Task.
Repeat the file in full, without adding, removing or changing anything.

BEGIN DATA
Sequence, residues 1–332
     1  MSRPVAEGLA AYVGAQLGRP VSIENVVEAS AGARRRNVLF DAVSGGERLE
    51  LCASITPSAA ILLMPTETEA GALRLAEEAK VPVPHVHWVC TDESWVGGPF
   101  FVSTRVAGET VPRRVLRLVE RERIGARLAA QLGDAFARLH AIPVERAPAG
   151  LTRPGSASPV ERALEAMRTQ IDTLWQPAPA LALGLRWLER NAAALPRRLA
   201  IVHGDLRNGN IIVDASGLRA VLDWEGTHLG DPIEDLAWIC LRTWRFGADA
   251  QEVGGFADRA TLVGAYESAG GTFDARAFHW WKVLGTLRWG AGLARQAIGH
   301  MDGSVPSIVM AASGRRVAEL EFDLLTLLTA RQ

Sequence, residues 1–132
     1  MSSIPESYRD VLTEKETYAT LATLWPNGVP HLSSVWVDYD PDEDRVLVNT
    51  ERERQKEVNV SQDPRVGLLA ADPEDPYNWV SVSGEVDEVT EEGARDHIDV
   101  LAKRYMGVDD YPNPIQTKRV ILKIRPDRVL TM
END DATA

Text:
Sequence, residues 1–332
     1  MSRPVAEGLA AYVGAQLGRP VSIENVVEAS AGARRRNVLF DAVSGGERLE
    51  LCASITPSAA ILLMPTETEA GALRLAEEAK VPVPHVHWVC TDESWVGGPF
   101  FVSTRVAGET VPRRVLRLVE RERIGARLAA QLGDAFARLH AIPVERAPAG
   151  LTRPGSASPV ERALEAMRTQ IDTLWQPAPA LALGLRWLER NAAALPRRLA
   201  IVHGDLRNGN IIVDASGLRA VLDWEGTHLG DPIEDLAWIC LRTWRFGADA
   251  QEVGGFADRA TLVGAYESAG GTFDARAFHW WKVLGTLRWG AGLARQAIGH
   301  MDGSVPSIVM AASGRRVAEL EFDLLTLLTA RQ

Sequence, residues 1–132
     1  MSSIPESYRD VLTEKETYAT LATLWPNGVP HLSSVWVDYD PDEDRVLVNT
    51  ERERQKEVNV SQDPRVGLLA ADPEDPYNWV SVSGEVDEVT EEGARDHIDV
   101  LAKRYMGVDD YPNPIQTKRV ILKIRPDRVL TM